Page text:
MY NAME is Hannah McGinnes, I am 17 years old and go to Uxbridge High School sixth form.
I am currently participating in the Lessons from Auschwitz project that is run by the Holocaust Educational Trust.
As you may be aware, this is a three day project consisting of two seminars and a day visit to Auschwitz concentration camp in Poland, and is heavily subsidised by the Government.
Having returned from the visit last Thursday, my mother brought to my attention some comments made on an article about the project on The Times' website.
I was very disappointed to find that many people have very cynical views on the project and see it as a waste of tax-payers'money. This upset me for many reasons.
I have lived in Hayes all my life and feel that my generation are constantly being given bad press, and are seen as disrespectful and selfish.
Therefore, it is shocking that people can be so against a project that is hard evidence that there are decent teenagers in Britain and that we do care about real matters.
David Cameron has even branded the funding of the project by the Labour government as 'gimmicks'. This is simply not true.
I am sure that there is not a single student who has attended the visit who has not felt changed by the experience.
For myself,the greatest feeling I experienced there was sheer gratefulness for the fact that I could walk back out of the gates of Birkenau and return to my home and family, while those who were persecuted by the Nazis could not.
I have heard two survivors of the Holocaust speak, and both were very keen to ensure that the young generations will continue to teach the lessons that human beings can learn from the Holocaust, and I felt that this was their main purpose for taking the time to speak to students.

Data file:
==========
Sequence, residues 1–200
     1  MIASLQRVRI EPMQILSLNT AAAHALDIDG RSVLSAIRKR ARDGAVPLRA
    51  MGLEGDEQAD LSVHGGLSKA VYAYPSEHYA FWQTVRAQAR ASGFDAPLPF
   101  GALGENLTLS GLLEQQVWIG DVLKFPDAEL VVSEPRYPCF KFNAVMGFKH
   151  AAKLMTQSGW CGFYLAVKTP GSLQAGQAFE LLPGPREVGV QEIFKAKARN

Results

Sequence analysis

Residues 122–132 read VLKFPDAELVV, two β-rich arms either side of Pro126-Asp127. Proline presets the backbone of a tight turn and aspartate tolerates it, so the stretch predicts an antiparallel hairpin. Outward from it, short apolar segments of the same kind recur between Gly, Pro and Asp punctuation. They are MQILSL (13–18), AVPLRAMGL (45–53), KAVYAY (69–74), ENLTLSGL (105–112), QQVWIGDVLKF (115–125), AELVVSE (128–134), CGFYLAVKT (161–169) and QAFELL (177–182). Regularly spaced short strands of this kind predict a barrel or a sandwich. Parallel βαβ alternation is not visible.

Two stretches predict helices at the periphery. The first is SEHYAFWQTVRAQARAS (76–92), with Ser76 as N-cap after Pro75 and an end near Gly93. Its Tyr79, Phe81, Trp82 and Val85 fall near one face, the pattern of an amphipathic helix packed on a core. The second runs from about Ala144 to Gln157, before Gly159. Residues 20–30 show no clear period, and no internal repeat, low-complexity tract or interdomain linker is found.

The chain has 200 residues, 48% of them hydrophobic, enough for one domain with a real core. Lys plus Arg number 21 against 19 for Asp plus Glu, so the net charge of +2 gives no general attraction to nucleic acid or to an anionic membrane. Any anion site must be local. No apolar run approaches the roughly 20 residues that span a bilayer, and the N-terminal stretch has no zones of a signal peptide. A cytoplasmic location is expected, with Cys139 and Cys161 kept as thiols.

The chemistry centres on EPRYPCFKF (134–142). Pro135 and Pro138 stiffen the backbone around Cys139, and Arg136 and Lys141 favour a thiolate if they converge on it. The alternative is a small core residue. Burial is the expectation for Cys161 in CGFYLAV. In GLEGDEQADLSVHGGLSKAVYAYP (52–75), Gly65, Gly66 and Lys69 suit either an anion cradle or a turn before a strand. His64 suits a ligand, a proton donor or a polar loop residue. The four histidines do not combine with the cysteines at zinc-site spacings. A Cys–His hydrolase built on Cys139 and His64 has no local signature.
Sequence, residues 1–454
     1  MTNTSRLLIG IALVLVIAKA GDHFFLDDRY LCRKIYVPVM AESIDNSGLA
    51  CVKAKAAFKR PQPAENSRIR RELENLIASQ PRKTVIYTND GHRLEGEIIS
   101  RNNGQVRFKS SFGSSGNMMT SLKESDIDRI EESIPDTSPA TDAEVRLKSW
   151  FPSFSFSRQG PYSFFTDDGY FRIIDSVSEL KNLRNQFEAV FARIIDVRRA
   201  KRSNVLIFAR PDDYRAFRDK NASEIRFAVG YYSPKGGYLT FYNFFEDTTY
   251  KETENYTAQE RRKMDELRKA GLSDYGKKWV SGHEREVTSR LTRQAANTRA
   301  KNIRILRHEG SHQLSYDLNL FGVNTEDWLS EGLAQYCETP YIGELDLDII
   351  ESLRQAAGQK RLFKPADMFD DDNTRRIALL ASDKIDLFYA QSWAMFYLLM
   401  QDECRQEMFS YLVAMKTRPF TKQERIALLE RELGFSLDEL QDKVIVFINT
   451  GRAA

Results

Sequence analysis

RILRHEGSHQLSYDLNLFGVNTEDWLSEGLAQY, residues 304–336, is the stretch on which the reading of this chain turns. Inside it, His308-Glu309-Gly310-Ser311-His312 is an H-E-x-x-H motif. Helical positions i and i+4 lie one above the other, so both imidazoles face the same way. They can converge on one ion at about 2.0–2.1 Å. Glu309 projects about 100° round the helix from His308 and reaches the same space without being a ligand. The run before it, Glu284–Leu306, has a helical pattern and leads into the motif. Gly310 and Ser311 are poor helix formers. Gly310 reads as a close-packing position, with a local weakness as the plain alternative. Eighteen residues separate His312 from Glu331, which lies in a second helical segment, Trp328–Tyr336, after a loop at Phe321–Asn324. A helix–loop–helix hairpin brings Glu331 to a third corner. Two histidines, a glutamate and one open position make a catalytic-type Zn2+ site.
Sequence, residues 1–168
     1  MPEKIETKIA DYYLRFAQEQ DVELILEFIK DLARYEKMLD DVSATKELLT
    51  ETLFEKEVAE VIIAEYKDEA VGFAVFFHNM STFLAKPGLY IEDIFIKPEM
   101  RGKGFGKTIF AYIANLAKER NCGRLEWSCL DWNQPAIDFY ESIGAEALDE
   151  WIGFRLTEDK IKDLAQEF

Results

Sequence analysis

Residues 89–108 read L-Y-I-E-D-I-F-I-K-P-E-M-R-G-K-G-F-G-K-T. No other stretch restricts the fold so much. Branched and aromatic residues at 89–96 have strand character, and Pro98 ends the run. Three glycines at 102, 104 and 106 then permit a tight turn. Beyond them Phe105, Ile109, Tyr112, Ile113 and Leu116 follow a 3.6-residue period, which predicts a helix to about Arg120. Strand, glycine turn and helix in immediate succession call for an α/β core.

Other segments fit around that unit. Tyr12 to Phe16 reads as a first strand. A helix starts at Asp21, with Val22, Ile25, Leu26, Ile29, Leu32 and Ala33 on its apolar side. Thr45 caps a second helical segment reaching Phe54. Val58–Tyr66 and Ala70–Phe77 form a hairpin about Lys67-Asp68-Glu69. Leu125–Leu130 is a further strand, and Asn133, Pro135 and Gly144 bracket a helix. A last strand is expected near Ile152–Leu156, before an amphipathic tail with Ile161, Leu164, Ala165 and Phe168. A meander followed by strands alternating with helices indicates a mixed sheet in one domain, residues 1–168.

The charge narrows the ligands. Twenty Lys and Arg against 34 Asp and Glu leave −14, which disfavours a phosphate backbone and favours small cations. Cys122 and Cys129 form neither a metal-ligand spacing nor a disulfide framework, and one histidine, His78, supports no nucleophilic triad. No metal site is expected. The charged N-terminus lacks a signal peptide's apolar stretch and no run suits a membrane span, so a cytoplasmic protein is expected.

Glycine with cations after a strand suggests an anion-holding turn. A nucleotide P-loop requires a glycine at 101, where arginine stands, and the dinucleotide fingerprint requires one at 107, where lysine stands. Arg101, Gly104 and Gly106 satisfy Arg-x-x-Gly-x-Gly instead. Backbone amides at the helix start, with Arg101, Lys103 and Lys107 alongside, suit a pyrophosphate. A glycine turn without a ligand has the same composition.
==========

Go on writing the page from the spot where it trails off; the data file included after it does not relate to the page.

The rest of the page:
It would be easy for them to sit back and remain silent about their experiences, but they force themselves to remember their horrific memories every day for what they, and I, believe is a very worthwhile cause.
I also read in the comments that many people think that the project makes the Holocaust seem more important than other catastrophes of the past and even those happening today.
If anything, the project makes you think more about what is happening in both the playground of your school and the greater world.
What many people are probably not aware of is that there is a fourth part to the trip.
This is where we must pass on the lessons we have learnt in any way we feel appropriate.
Louise Harris, the other student from my school who attended the trip, and I, are leading assemblies this week to all years of our school where we will tell them about our experience.
As you can see,I am also using this opportunity to pass on my experience to the press.
If it were up to me,many more young people would be given the opportunity to visit Auschwitz, even those who think they are not interested in it, but I know that this is not possible.
I do not want the hard work of the Holocaust Educational Trust to go to waste,and want students to continue to visit Auschwitz for years and years to come.
I also would like people to be more positive about the project and to understand it for what it is, instead of making cynical judgements and dismissing it as a waste of time.
HANNAH MCGINNES by email.